Create your Better LIFE Index
Are Finances impacting your Health?
So your probably wondering where “cash flow” fits within the realm of health and wellness?
If you are worried about money, you are not alone. It’s a very common worry. Financial stress can affect your relationships and your health, so it’s very important to seek help and support as early as possible.
We have a Financial Stress problem…
Lots of situations can cause financial stress. You might have lost your job or been retrenched, you might be unemployed or unable to find sufficient work, you might have debts you cannot pay or you might feel worried about expected financial pressures. Your financial problems might be a result of problem gambling.
Some signs that financial stress is affecting your health and relationships include arguing with the people closest to you about money, difficulty sleeping, feeling angry or fearful, mood swings, tiredness, muscle pain, loss of appetite, lower sex drive and withdrawing from others.
While these are normal reactions, they can affect your health if they continue for more than a few weeks. You could be at risk of developing anxiety or depression. Some people use drugs or alcohol to help them cope. Some have thoughts of self-harm or suicide.
Do you have an ABUNDANCE Mindset?
The Abundance Mentality, on the other hand, flows out of a deep inner sense of personal worth and security. It is the paradigm that there is plenty out there and enough to spare for everybody. It results in sharing of prestige, of recognition, of profits, of decision making. It opens possibilities, options, alternatives, and creativity.
Do you have a SCARCITY mindset?
Most people are deeply scripted in what I call the Scarcity Mentality. They see life as having only so much, as though there were only one pie out there. And if someone were to get a big piece of the pie, it would mean less for everybody else.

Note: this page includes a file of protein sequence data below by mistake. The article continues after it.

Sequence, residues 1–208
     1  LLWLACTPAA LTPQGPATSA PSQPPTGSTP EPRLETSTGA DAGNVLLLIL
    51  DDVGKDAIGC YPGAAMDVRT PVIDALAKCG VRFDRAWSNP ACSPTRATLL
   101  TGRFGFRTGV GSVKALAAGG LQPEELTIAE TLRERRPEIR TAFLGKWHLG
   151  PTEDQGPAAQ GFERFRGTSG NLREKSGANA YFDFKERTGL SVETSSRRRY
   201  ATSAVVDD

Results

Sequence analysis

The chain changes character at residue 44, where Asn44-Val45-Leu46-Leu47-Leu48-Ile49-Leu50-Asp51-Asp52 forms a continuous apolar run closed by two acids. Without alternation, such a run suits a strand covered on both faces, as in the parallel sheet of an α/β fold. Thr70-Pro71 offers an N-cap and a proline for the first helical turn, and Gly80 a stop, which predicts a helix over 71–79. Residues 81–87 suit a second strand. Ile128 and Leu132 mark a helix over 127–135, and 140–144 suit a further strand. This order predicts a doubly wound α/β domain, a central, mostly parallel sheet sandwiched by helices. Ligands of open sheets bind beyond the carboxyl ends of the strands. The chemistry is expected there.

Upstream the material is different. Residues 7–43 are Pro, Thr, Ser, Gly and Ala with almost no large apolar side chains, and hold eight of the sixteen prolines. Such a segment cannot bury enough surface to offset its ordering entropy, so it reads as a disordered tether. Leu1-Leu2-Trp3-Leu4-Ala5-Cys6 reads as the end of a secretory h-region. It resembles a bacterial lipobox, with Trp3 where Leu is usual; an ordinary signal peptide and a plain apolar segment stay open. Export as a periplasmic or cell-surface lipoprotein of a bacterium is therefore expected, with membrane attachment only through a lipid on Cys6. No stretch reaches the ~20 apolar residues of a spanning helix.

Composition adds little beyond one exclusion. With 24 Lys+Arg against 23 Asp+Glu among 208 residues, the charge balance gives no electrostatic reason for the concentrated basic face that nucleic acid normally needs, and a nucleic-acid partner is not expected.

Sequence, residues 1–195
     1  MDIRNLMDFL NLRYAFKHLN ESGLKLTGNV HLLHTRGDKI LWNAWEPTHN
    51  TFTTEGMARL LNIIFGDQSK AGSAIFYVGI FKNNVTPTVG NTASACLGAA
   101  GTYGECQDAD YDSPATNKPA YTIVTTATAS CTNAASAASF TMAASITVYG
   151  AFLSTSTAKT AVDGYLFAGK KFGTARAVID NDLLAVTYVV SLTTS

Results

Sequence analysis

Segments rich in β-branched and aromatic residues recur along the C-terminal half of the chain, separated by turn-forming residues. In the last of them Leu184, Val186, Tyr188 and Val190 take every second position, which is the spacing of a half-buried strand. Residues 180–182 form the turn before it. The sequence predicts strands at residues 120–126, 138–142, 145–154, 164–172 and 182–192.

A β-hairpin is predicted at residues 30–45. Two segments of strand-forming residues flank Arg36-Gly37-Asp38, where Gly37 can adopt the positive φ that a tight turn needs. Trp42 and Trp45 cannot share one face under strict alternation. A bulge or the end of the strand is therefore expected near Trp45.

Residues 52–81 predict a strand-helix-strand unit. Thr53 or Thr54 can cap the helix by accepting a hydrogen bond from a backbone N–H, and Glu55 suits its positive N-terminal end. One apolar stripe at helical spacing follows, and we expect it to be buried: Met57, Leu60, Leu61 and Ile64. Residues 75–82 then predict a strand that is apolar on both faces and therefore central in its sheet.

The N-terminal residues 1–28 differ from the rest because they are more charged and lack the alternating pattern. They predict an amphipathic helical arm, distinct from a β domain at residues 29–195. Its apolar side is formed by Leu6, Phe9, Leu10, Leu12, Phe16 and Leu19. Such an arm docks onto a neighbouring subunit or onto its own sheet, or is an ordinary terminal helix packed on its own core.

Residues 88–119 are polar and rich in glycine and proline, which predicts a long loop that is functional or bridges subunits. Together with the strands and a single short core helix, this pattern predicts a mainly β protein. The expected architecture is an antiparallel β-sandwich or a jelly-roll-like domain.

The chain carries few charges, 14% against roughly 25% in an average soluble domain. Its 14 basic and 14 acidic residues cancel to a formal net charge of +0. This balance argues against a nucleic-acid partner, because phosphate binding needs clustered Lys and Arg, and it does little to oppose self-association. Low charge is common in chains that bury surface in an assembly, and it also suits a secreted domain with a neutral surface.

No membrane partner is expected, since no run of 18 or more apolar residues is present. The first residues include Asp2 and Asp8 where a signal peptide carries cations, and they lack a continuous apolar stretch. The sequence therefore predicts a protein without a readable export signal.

The Scarcity Mentality is the zero-sum paradigm of life. People with a Scarcity Mentality have a very difficult time sharing recognition and credit, power or profit – even with those who help in the production. The also have a a very hard time being genuinely happy for the success of other people.
Do you understand DEBT and what “money” is?
Do you understand Cashflow?
Once you do, let us then focus on you.
Start with GLOBAL view
The truth is that the world is not fair and equitable for all. Our luck of birth right determines many factors for an individual before a new born even takes a breath. Consider if you had been born in a developed versus a less developed country? What would your life look like, what types of opportunity would you have for education, health, connection, business, finances and growth?
- The statistics are clear to see. We have a Wealth distribution inequality
- Despite this progress, the number of people living in extreme poverty globally remains unacceptably high. According to the most recent estimates, in 2012, 12.7 percent of the world’s population lived at or below $1.90 a day. That’s down from 37 percent in 1990 and 44 percent in 1981.
- Global Public debt is 59 Trillion and counting (who to?)
Now, take a NATIONAL view
Using a developed country like Australia “the lucky country” as an example
- Australia is the 15th Richest in the world relative to income, per person per capita.
- Australia is the 19th richest country by GDP (Gross domestic product)
- The ABS says the average individual wage in Australia in November 2013 was $57,980 before tax.